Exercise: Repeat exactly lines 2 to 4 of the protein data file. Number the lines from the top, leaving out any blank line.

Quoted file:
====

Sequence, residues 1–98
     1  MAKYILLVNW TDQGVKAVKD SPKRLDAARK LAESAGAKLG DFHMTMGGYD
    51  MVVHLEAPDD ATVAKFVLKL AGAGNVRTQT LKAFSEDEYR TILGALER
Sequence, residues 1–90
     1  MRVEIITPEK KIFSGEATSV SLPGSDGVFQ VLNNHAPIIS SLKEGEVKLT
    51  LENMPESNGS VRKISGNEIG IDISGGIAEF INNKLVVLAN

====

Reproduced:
     1  MAKYILLVNW TDQGVKAVKD SPKRLDAARK LAESAGAKLG DFHMTMGGYD
    51  MVVHLEAPDD ATVAKFVLKL AGAGNVRTQT LKAFSEDEYR TILGALER
Sequence, residues 1–90